Monthly Archives: September 2012

Harvard Business Review Press is going DRM-free! I’m not exactly their market, but I respect what they’re doing.

A leader in Germany’s Pirate Party wants the government to crack down on illegal copies of her book (or the publisher does, anyway).

From BoingBoing, a look at Victorian and Edwardian proto-science-fiction. I’ve got The Time Machine on my audiobook queue.

The Washington Post is identifying a trend that I suspect is not much of a trend: employers telling employees to avoid after-hours email. This has never really been a problem for me. The article refers to extra productivity reaped by employers after-hours as people have gotten company-issued cell phones, but doesn’t talk about what I suspect is at least a slight drop-off in productivity during work hours.

Salon’s Laura Amann has an interesting piece on increasing political polarization and its effect on her marriage.

I should have put this in my recent post about lawyers in ruralia, but hadn’t run across it yet.

Instead of saving money, electronic medical records is increasing billing. What did they think would happen with the advent of technology to make billing easier?

The Atlantic Cities looks at the relationship between person and place: the latter helps shape the former.

Category: Newsroom

The entire concept of 3D printers really blows my mind. Even though I understand the concept, I have difficulty wrapping my head around it. The Economist does a good job of exploring the ramifications of it.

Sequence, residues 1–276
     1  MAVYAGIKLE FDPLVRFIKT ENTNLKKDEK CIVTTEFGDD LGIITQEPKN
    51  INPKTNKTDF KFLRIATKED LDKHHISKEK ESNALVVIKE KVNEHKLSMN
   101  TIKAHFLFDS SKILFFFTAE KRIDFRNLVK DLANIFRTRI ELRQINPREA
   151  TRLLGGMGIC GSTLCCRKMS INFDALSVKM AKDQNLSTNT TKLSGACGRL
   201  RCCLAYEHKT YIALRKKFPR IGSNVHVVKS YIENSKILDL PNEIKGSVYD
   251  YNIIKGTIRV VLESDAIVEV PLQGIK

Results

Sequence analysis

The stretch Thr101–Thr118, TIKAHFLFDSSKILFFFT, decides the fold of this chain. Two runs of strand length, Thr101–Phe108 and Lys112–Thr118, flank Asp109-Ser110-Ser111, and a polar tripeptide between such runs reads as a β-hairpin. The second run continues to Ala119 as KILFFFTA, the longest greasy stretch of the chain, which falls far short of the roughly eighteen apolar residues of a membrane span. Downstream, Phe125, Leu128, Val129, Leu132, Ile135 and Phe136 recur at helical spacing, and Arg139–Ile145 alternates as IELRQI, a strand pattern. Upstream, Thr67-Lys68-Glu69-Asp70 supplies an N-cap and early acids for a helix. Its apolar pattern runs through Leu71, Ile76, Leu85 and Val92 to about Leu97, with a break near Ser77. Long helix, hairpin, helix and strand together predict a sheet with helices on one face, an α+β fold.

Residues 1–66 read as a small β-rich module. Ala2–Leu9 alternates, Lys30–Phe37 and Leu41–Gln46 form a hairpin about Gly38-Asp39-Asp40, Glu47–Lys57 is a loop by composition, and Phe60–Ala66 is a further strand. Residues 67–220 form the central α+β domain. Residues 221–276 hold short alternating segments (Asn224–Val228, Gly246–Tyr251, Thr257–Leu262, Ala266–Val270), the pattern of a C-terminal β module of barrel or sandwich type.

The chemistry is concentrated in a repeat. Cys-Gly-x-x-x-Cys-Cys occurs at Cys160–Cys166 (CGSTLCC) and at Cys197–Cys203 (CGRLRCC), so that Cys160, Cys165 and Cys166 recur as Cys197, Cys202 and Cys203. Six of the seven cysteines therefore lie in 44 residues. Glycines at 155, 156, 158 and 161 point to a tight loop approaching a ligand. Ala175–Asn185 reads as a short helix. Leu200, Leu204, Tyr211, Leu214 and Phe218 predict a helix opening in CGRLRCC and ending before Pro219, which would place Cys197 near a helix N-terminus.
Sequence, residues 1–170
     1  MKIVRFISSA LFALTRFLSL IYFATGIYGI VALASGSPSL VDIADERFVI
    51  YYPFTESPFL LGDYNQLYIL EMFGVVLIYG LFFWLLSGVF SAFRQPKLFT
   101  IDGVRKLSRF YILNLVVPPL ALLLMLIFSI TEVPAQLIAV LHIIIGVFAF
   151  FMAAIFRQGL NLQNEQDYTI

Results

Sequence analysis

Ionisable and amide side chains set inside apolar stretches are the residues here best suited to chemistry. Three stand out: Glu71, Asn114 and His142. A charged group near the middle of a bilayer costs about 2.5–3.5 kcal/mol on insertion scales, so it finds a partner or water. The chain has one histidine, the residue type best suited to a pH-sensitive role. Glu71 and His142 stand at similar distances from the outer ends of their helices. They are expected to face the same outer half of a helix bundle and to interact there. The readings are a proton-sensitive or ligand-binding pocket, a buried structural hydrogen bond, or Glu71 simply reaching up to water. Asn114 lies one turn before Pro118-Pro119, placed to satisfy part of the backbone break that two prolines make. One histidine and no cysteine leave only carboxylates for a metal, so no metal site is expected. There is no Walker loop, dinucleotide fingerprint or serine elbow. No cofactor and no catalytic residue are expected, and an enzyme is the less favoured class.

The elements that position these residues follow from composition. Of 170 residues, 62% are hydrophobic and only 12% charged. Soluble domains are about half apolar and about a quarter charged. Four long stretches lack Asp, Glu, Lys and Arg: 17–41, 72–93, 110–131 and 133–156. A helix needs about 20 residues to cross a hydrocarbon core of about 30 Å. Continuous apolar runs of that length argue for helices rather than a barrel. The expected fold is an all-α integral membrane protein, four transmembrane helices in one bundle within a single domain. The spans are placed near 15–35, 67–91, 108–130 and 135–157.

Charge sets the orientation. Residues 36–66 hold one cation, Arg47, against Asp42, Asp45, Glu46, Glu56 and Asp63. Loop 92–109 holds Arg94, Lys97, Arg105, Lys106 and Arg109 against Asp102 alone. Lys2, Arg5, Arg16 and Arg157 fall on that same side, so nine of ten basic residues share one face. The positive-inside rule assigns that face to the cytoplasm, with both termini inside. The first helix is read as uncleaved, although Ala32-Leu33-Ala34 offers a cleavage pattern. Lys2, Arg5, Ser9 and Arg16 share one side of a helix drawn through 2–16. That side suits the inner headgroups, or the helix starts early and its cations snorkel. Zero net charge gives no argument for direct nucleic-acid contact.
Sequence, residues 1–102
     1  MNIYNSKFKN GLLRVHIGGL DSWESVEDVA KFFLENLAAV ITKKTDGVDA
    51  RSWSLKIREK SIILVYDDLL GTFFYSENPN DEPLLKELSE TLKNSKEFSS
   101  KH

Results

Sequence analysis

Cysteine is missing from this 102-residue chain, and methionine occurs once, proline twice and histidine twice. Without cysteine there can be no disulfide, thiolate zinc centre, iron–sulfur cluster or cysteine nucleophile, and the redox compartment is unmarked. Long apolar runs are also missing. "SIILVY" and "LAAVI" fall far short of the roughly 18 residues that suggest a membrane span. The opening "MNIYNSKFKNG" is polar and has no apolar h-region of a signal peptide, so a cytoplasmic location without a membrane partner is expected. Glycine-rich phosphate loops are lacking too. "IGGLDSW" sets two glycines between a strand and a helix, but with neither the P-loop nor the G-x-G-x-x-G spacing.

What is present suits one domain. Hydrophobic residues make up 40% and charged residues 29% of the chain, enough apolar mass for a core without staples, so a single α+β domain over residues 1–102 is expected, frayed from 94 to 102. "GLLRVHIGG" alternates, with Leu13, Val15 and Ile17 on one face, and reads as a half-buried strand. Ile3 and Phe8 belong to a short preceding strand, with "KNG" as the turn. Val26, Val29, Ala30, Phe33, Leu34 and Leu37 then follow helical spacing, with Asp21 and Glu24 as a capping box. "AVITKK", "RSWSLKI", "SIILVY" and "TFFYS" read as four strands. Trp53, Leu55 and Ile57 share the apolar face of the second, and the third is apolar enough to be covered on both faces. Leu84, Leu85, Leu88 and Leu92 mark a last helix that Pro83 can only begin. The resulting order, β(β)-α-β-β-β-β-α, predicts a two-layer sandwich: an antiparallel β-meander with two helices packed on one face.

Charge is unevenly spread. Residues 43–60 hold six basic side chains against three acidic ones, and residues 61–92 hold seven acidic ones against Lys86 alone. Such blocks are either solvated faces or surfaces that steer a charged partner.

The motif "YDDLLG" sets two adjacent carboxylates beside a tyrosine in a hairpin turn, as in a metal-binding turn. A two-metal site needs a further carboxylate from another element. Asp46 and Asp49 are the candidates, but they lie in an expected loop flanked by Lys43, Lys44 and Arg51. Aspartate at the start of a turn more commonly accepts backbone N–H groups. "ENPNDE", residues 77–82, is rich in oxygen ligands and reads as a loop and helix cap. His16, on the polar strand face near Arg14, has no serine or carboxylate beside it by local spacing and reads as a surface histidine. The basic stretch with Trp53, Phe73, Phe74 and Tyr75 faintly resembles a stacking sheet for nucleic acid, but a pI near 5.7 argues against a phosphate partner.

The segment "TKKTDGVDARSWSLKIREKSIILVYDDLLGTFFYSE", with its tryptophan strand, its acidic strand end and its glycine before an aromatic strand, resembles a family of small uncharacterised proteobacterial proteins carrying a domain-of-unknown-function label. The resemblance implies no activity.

In the US, we have a rather odd conception of “blue collar.”

From HuffPo, a look at Joseph Caramadre: the guy who scammed loopholed insurance companies for millions. This is the sort of thing I typically disapprove of (not unlike walking away from a mortgage you can pay for) and yet I find myself oddly ambivalent in this case.

If you’re drafting a list of the most and least cultured cities in the country, and New Orleans comes at the bottom of your list, you need to rethink your criteria.

Thomas Jefferson, defender of the degenerates! I’ve heard this story before, but it’s something I don’t mind being reminded about.

Kent Newsome’s post on Facebook and politics is worthwhile. Since Blogspot hit the scene, anyone who wanted to spout off about politics could. What Facebook has done is make it a norm on more of a commons area.